Trackside Interview #4 
Steve Crise

Steve Crise is a professional still photographer and lighting designer based in Los Angeles, California. His love of trains led him into photography, and his work has been featured in Railfan & Railroad, Trains, CTC Board, Railroads Illustrated, Model Railroader’s four articles on Rod Stewart’s HO scale layout, and annual report work for the BNSF and Union Pacific. He teaches each February at the Nevada Northern Railway on the basics of night photography using his electronic strobe equipment. Steve is active in several organizations devoted to the preservation of railroad history and has traveled widely to document the remaining traces of our railroad heritage.

Edd Fuller, Editor, The Trackside Photographer – Steve, shortly after I started The Trackside Photographer, I wrote to you asking if you would be willing to write for us, and we subsequently published a great article by you called “Macro vs. Micro.” I want to thank you for that, and for taking the time to talk with us about your work. Although you are a professional photographer with clients in many different fields, the railroad seems to be at the heart of your work. How did your love of railroads come about?

Steve Crise – I’m not entirely sure how my interest in railroads came about but legend has it that I used to cry in my car seat at the Southern Pacific’s Fletcher Drive crossing when my mother would often get stuck at that crossing. Her accounting of the situation would have you believing that I hated those noisy trains, but I think it was more about not being able to see them well enough from three car lengths behind the gates. Whatever it was that lit the flame it has stuck with me all these years. And to add fuel to that fire, it seems as though just about every Christmas I received some sort of toy or model train as a gift. Wooden trains, plastic trains, Marx, American Flyer, Tyco—it goes on and on. Aside from the modeling, I used to draw and paint a lot when I was a kid. I always had some sort of project going on. The American Flyer was always set up around the Christmas tree and once we moved into a larger home, I was allowed to build a small HO layout. The layout added to my interest in real trains because naturally I wanted my layout to look as real as possible. Read more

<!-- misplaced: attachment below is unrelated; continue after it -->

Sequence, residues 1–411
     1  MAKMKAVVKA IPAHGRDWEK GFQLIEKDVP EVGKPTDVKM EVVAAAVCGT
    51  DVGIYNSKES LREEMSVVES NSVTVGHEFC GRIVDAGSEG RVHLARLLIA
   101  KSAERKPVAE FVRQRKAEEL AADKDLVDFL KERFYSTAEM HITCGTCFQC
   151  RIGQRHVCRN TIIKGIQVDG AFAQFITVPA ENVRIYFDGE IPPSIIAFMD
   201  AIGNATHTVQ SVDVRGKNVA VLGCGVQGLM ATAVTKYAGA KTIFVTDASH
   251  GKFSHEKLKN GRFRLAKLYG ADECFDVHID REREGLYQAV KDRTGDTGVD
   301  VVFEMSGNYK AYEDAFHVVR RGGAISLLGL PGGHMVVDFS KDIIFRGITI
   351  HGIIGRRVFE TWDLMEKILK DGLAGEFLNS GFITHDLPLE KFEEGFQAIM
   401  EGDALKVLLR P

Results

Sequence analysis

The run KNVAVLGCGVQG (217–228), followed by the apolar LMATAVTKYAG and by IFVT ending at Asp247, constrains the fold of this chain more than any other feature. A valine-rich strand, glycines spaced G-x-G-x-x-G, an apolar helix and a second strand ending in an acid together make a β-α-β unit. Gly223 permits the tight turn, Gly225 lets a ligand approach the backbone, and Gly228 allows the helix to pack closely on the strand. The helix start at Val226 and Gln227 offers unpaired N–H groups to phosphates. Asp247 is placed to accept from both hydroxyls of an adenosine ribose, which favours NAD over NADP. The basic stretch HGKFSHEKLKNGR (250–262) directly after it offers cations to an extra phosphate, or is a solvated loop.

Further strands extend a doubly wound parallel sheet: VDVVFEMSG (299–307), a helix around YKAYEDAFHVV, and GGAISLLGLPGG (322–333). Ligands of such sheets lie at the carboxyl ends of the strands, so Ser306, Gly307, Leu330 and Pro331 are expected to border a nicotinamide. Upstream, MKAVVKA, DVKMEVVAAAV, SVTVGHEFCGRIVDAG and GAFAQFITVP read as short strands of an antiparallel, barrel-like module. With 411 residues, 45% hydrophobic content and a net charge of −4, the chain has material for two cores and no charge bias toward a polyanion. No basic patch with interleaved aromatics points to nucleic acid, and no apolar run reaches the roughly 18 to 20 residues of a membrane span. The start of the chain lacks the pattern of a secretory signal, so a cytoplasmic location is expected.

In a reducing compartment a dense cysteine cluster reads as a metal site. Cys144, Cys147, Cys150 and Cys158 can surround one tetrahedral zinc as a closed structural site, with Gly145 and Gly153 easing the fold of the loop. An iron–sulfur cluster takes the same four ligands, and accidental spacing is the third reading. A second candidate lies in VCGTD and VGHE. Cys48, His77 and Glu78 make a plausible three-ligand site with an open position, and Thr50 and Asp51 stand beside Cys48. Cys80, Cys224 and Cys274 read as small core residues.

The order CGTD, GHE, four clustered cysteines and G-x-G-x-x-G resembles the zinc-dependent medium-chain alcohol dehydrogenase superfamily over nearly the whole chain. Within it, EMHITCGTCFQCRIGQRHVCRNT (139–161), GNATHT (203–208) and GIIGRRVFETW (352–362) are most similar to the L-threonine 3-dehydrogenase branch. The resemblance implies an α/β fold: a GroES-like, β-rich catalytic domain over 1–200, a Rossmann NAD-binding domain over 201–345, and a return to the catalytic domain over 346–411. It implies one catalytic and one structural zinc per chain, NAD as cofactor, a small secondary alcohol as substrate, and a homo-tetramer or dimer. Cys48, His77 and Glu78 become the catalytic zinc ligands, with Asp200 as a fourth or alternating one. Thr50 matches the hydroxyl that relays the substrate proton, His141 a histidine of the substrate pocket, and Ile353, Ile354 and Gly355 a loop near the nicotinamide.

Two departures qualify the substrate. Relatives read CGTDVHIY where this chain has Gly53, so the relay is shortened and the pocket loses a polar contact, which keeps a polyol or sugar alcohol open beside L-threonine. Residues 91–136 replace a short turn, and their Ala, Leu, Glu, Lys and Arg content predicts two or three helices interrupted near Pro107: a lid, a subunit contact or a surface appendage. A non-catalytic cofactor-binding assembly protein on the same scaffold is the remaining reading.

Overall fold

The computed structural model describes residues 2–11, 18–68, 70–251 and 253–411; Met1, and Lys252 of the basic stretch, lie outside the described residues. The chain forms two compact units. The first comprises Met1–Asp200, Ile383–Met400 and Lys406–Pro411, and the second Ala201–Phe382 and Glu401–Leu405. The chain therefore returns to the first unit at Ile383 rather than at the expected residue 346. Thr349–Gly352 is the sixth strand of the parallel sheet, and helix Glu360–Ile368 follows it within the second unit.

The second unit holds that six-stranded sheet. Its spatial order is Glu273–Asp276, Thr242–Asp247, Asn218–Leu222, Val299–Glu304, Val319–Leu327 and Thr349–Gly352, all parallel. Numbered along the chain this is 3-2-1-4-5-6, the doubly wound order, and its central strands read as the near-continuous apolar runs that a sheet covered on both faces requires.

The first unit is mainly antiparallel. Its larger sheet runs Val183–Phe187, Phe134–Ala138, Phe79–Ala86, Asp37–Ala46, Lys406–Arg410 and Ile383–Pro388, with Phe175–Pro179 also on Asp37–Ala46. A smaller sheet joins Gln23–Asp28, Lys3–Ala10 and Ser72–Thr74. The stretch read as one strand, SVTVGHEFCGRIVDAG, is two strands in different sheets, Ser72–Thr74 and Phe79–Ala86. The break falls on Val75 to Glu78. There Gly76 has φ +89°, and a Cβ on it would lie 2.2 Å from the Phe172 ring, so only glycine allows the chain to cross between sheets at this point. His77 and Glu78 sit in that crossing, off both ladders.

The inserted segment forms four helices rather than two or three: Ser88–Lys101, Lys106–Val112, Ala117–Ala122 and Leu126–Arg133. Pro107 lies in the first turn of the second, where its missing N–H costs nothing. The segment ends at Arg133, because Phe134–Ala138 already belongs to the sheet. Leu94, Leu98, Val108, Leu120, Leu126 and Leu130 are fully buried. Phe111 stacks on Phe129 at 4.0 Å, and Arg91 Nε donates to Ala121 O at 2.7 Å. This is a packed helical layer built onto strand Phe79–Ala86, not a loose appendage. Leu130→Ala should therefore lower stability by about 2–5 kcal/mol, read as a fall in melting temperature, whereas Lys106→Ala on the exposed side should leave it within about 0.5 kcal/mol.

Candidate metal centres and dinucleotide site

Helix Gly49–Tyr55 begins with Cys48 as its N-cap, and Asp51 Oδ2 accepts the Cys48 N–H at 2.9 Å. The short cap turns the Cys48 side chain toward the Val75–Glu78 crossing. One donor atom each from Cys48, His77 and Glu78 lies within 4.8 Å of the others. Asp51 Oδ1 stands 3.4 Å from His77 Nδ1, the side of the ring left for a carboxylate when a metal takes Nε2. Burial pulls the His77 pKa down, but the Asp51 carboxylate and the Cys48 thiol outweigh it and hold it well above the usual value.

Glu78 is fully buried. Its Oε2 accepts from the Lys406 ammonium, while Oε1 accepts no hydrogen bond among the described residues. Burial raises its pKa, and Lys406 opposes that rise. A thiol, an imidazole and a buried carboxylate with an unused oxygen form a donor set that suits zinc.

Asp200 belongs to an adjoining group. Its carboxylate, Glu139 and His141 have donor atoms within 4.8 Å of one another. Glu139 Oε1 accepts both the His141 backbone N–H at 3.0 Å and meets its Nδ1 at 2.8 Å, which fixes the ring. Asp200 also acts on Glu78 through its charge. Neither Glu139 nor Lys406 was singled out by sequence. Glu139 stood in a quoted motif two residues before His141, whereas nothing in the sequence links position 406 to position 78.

The Glenapp Boys

Keeping the Dream Alive

Two thirds of the Glenapp Boys: Dennis Sibson (left) and Rob Sibson stand outside the cabin at Glenapp that they hope to stabilize and restore. Alan Sibson was not present the day this photo was taken.d

Early on a typical grey, warm and humid January morning, I find myself driving down the rough road that runs alongside the Australian Rail Track Corporation’s (ARTC) crossing loop (siding) at Glenapp, near the border between the states of Queensland and New South Wales. The last time I was here was in 2007 to observe the electric staff working be replaced by the new Remote Control Signalling installations ARTC was putting in on the crossing loops at the north end of its North Coast line. Back then, the vehicle access down to the signal cabin was poor, and hemmed in by rampant vegetation of numerous weedy varieties, while the signal cabin itself looked to be on the verge of going the same way as the electric staff machines it housed. Now, as then, the place is quiet, with just some bird song and an odd low rustling sound in the background. Read more

The Bodmin & Wenford Railway